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Memories of Summer is a semi-autobiographical work of fiction written by Ruth White. Sisters Lyric and Summer are delighted when their father announces they'll be moving from their small Virginia town to Flint, Michigan. But shortly after they've settled in Summer begins to act strangely and only gets worse as time goes on. Lyric just wants to enjoy her new life, but the increasing worry about her sister and the need to take care of her begins to take its toll and eventually, a difficult choice must be made.
Memories of Summer contains examples of:
  • Abhorrent Admirer: Summer becomes one to a soldier named Bill, constantly flirting with him and even trying to get him to take her on a date. Because Summer is only 16 and Bill is an adult, he's quite unnerved by this.
    • Summer's Glory Bottom beau Anderson Biddle. She lets him take her out on dates and flirt with her because she enjoys the attention, but she doesn't love him and even says right out she won't marry him in the first chapter.
  • Adult Fear: Summer runs away and goes missing during an outing with Lyric, and Claude is terrified. Not only is he afraid of what could happen to a teenage girl in a big city, but by this point Summer's mental state is really deteriorating.
    • Just the last portion of the book in general as Claude watches Summer become more and more unhinged and dangerous, to the point where it's not safe for Lyric to be around her anymore. He's forced to institutionalize her when she hits Lyric in the head with a coffee mug and makes her bleed.
  • All of the Other Reindeer: Lyric's friend Yolanda talks about this trope, and about how her chickens back home used to gang up on a pretty white one. "They peck you to death if you're different." Lyric later sees this for herself when Summer comes to see her audition, and is heckled and jeered at for her unkempt appearance and behaviors
  • And I Must Scream: Summer is aware that she's slipping further and further into her madness. At one point she looks in a mirror and says "see, Lyric? I'm fading."
  • Because You Can Cope: Averted, and hard. Claude worries about Lyric trying to be Summer's caretaker and tells her he doesn't want to miss out on living her own life, and the doctors fear for Lyric's safety when Summer starts to become more violent.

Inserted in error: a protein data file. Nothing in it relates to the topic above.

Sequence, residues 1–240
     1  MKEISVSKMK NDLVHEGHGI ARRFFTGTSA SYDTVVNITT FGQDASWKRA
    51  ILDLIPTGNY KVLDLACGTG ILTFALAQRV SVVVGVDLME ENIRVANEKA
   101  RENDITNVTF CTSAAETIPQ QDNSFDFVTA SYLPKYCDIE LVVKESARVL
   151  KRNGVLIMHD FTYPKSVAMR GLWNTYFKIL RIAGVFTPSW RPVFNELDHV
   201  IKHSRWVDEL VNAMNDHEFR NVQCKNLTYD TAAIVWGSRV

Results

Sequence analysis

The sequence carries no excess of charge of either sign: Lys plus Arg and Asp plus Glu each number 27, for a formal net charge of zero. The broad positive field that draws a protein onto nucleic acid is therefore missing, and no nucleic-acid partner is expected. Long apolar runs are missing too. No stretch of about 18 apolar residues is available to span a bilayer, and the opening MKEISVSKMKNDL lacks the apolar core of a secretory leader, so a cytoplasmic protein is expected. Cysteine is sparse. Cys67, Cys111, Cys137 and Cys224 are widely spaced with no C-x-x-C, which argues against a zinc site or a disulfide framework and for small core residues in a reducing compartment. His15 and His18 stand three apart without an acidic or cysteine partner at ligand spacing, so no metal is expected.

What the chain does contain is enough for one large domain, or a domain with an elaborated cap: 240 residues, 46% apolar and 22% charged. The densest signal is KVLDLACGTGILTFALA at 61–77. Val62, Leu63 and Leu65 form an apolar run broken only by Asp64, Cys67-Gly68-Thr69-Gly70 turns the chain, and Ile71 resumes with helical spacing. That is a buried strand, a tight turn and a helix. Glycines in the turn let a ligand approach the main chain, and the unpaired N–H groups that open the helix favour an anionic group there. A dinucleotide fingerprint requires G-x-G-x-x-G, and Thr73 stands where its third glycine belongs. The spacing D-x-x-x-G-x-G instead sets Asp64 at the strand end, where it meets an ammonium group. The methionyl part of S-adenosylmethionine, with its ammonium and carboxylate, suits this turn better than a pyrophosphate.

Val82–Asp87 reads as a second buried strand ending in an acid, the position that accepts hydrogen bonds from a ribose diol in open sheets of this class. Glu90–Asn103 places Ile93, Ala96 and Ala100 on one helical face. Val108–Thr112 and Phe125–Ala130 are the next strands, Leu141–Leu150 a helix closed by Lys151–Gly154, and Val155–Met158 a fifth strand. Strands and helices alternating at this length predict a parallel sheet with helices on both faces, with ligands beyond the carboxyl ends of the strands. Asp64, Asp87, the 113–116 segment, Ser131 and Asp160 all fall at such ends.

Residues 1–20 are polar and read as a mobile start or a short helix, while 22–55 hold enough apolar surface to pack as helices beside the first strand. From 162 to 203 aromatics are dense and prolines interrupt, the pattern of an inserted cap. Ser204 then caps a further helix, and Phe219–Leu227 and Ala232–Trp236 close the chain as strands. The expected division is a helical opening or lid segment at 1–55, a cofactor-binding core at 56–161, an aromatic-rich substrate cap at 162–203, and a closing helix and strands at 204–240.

• Bedlam House: Averted, the mental asylum Lyric and her father take Summer to is well-ordered and calm.
  • Big Sister Instinct: Summer used to protect Lyric from bullies back in Glory Bottom. This is addressed during a subversion of the trope when  Summer shows up to watch Lyric's audition for the school musical and gets heckled for her condition. Lyric shoves aside the loudest heckler and rushes to her sister's side.
  • Break the Cutie: Lyric and Summer both go through this. Summer doesn't get better.
  • But Not Too Black: Lyric's friend Yolanda's mother was half-white and half-black, and her father is full Mexican. This makes Yolanda herself half-Mexican and a quarter black.
  • Call Back: At the end of the book, Lyric and her friends go to a street festival where Lyric tells a boy asking for her number "I know you just wanna break my heart, cutie pie"...the exact line Summer had given a boy at another festival near the beginning of the story.
  • Cloudcuckoolander: Even before the diagnosis Summer had always been a bit off. Lyric didn't think anything of it.
  • Contemplating Your Hands: Summer does this at one point.
  • Cool Big Sis: Summer was this to Lyric before her mental illness kicked in.
  • Cool Teacher: Lyric's teachers are incredibly kind to her from the beginning, including her gym teacher letting her assist him until she can afford to buy a gym suit.
  • Death by Newbery Medal: In a sense. Summer herself doesn't die, but the girl she used to be is as good as gone.
  • Downer Ending: Summer ends up sent to the mental asylum, where the doctor tells Lyric and their father that she'll never return to her old self.
  • The Dutiful Daughter: Lyric
  • Eye Scream: Summer ends up scratching herself in the eye during a fit of insanity, blaming it on the "wolves".
  • The ’50s
  • Foreshadowing: Along with a lot of little hints at Summer's eventual fate, Lyric has a dream where the two of them are trying to run from wolves in Glory Bottom. Lyric manages to fly, but Summer can't, and Lyric has to let her go so she can survive. At the end of the book, she and their father have no choice but to put her in the asylum when Summer becomes so unstable and violent that it's not safe for her to be around Lyric.